Yellowstone volcano is believed to have had three major eruptions in the past, 640,000, 1.3 million and 2.1 million-years-ago. The last Yellowstone eruption formed the volcano’s current caldera in northwestern US, which is visited by thousands of tourists every year. However, deep beneath the scenic landscapes of Yellowstone National Park is a monster volcano waiting to erupt again. This has led to many rumours and conspiracy theories over the years, claiming Yellowstone is overdue a fourth major blast. But how true is this?
US Geological Survey (USGS) geologists Jake Lowenstern appeared online to answer some burning questions about the supervolcano.
Mainly, the Yellowstone volcano expert talked about some of the myths and falsehoods surrounding the threat of a future eruption.
When asked if Yellowstone volcano is overdue another super-blast, the scientist said most apocalyptic predictions get the maths wrong.
And even assuming Yellowstone does erupt like clockwork, humanity is still safe for tens of thousands of years.
Dr Lowernstern said: “When you see people claiming it’s overdue, usually the numbers they come up with say that the last eruption was 640,000-years ago but that it erupts every 600,000 years and therefore it is 40,000 years overdue.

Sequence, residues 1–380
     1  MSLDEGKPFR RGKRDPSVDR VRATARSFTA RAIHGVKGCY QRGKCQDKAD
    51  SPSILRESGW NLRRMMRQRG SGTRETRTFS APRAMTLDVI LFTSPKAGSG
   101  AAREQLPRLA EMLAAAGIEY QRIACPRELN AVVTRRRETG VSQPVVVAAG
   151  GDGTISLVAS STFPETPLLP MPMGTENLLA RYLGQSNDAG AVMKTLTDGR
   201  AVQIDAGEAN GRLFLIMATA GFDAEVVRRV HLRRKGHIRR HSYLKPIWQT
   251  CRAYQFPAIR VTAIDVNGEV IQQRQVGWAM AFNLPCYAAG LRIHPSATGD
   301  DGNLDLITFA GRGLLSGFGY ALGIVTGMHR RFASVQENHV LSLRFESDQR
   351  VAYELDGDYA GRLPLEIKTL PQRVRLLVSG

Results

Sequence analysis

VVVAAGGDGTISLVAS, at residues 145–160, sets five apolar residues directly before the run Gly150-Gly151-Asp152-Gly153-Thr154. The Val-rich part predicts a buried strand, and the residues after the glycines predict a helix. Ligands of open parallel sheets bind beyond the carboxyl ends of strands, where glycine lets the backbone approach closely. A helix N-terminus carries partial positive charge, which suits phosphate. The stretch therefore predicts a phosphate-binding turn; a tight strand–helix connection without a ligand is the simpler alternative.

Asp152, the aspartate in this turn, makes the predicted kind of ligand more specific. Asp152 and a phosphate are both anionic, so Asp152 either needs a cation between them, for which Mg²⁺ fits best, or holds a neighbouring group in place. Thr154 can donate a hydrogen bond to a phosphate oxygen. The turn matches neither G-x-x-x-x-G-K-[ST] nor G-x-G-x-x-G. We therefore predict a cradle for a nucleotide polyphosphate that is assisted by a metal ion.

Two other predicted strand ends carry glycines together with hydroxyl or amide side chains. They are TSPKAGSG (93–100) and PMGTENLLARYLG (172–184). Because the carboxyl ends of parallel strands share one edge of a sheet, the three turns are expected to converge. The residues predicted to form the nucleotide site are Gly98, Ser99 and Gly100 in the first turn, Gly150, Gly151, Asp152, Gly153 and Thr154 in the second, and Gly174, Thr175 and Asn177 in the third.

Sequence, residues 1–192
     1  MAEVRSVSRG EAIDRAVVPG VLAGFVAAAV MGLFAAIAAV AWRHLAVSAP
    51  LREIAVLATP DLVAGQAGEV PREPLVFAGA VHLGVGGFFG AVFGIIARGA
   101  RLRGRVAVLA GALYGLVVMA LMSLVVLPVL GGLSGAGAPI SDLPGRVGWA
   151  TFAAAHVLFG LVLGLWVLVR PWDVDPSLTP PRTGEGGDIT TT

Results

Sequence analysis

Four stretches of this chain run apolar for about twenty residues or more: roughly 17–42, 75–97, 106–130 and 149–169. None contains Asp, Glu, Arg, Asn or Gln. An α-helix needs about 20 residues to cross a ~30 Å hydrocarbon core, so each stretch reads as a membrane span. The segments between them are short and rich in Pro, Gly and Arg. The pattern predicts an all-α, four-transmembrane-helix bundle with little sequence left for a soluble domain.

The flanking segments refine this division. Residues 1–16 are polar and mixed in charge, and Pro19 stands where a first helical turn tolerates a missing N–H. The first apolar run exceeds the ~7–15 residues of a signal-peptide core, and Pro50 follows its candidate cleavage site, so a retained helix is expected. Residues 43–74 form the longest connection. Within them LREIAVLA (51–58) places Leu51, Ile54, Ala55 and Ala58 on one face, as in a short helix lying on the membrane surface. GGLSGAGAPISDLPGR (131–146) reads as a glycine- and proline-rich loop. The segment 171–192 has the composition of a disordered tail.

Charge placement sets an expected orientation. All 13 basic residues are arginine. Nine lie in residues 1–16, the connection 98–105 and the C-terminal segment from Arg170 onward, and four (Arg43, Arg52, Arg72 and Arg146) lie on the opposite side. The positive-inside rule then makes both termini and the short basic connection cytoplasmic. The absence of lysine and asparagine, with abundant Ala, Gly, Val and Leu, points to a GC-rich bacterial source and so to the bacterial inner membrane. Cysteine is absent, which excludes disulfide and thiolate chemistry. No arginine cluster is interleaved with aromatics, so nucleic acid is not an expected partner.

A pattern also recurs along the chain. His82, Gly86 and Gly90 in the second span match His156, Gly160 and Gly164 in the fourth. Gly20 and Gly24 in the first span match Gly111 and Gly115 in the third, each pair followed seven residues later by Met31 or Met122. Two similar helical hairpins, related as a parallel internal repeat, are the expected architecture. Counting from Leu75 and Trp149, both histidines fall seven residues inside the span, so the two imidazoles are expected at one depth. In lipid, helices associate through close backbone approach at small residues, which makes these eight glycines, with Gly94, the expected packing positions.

“But in fact, if you average the eruption intervals, there’s 2.1 million to 1.3 million, and then there was another eruption 640,000-years ago.
“When you average those numbers, you come up with something which is over 730,000 years.
“So, in reality, even if you tried to make this argument, it wouldn’t be due for another 70,000 years or so.
“But the other thing that is important to realise is that when anybody does statistics based on two eruptive intervals, they’re just kind of playing games because we don’t know.
“There’s no clock down there. The magma is going to erupt when it wants to erupt.
“There’s been a lot of things that have happened over the last 600,000 years, which might indicate there’s less likely of an eruption.”
For instance, the geologist said, Yellowstone volcano erupted about 500 cubic miles of magma in the last 150,000 years.
This, in turn, could slow down the internal clockwork of Yellowstone, enough to avert a major blast anytime soon.
Since the last caldera-forming, the USGS has found evidence of at least 80 smaller, but still significant eruptions.
One of these eruptions occurred about 70,000-years-ago and was the most recent lava eruption.
Dr Lowernstern said: “It really is an enormous erupting unit and these are big eruptions but they are just within Yellowstone and they don’t appear to be explosive.”